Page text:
Congressional Democrats want publicly traded companies to divulge more demographic information about their boards and senior ranks.
A bill reintroduced Tuesday by New Jersey Senator Bob Menendez aims to boost Securities and Exchange Commission disclosure rules by extending reporting requirements on race, ethnicity, gender and veteran-status of directors and senior leadership. The push comes after Nasdaq Inc. proposed requiring more diversity on company boards.
Menendez says the bill — which has a companion in the House and is also backed by Senate Banking Committee Chairman Sherrod Brown and Massachusetts Senator Elizabeth Warren — would help bridge the gap between companies’ statements in support of diversity and tangible progress. “It’s time corporate boardrooms mirror the rich diversity of our country,” Menendez, the highest-ranking Latino in Congress, said in a statement.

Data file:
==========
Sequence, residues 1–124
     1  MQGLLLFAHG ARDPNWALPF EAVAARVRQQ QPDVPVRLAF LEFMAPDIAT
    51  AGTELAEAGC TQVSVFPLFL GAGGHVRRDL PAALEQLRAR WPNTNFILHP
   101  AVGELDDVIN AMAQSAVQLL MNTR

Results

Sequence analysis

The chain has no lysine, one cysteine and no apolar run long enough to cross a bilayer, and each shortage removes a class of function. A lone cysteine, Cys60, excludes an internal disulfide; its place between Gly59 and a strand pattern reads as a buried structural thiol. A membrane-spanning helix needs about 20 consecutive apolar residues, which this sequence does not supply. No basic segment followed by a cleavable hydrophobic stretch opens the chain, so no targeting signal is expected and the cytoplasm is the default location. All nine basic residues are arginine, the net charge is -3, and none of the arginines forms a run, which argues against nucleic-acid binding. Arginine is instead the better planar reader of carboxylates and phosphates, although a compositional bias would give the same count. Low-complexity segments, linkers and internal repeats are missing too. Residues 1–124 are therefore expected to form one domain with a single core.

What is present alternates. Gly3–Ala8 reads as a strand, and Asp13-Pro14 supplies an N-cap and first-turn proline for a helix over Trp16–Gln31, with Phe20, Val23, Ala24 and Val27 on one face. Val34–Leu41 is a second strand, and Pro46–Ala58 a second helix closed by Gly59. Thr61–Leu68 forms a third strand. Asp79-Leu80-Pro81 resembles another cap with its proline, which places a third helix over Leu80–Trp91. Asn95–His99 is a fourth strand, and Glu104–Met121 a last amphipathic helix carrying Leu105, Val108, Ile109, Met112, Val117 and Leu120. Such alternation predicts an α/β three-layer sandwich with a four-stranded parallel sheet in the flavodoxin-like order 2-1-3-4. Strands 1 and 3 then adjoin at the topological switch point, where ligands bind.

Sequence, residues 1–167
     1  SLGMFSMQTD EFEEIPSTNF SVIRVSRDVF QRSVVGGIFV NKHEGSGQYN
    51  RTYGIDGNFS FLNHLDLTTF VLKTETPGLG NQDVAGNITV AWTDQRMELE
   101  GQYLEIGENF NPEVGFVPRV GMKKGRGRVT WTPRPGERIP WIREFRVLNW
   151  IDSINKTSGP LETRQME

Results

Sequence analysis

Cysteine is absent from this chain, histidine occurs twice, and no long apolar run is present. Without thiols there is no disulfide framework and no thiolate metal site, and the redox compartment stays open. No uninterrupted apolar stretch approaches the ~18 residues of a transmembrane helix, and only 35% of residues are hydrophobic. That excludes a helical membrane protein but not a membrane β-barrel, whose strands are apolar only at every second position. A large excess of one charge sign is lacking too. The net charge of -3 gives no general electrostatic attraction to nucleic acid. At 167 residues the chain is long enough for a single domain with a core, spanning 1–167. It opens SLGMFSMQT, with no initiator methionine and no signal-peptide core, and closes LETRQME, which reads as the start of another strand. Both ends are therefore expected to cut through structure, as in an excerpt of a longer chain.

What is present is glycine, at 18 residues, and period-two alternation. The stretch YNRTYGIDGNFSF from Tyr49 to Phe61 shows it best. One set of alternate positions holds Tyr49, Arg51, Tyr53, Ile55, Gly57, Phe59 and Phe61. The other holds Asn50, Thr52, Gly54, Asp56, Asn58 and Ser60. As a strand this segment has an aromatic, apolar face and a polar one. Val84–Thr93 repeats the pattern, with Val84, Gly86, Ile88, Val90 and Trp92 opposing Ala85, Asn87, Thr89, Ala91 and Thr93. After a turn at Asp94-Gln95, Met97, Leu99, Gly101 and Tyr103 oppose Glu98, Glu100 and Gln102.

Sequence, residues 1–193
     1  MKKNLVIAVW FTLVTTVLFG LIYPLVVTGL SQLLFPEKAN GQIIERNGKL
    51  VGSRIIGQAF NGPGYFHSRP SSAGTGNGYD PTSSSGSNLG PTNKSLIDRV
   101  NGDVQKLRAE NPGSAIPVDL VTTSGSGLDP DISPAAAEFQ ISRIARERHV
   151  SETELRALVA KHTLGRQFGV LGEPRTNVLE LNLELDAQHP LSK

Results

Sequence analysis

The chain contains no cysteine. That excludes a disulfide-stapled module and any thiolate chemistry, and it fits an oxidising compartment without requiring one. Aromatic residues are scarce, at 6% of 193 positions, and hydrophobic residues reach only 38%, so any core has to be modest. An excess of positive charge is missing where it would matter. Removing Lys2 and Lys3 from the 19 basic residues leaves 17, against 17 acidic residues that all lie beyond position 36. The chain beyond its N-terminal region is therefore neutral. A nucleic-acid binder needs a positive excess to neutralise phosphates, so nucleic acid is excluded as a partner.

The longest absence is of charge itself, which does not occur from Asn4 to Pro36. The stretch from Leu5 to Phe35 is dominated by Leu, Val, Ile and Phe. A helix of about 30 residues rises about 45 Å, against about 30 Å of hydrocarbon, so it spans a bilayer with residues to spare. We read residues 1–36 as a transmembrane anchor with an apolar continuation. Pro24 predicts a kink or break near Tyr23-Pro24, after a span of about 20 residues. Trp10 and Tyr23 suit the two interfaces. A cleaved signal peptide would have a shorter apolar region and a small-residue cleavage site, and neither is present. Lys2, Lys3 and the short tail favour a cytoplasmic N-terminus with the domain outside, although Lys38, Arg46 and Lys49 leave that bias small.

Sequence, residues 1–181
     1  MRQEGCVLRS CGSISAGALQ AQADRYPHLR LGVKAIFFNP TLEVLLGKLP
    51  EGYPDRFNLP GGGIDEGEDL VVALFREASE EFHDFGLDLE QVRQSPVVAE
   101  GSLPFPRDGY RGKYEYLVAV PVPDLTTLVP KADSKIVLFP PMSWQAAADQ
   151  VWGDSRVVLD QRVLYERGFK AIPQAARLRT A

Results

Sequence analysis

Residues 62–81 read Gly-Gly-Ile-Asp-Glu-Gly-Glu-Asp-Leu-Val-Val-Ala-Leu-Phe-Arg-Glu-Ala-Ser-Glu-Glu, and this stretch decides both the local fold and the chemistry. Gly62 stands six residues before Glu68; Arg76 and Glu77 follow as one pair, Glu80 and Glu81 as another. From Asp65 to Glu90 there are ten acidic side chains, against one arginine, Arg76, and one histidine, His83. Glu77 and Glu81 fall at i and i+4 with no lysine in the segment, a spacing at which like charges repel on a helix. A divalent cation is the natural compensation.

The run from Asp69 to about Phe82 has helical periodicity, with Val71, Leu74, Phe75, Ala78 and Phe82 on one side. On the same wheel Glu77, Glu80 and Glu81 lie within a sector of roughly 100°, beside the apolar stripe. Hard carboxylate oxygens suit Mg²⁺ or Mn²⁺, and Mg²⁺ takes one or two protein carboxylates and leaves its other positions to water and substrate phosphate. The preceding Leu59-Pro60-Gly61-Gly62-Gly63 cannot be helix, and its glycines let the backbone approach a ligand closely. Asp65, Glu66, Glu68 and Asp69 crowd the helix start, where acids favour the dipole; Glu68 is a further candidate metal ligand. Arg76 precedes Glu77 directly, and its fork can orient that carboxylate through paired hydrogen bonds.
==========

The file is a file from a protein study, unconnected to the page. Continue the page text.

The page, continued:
Similar legislation was passed by the Democratically-controlled House in November 2019 but was never considered by the Senate, where the current proposal faces challenging prospects in the closely-divided chamber. Republicans are already pushing back against Nasdaq’s plan.
The U.S. business community is largely on board with Menendez’s measure, with the U.S. Chamber of Commerce, the Financial Services Forum and Real Estate Roundtable among its supporters.
The bill “will establish a model to organically boost diversity on boards through disclosure, rather than the counterproductive quota-driven strategies that some have attempted,” Tom Quaadman, executive vice president for the Chamber’s Center for Capital Markets Competitiveness, said in the statement released by Menendez’s office.
By Caitlin Webber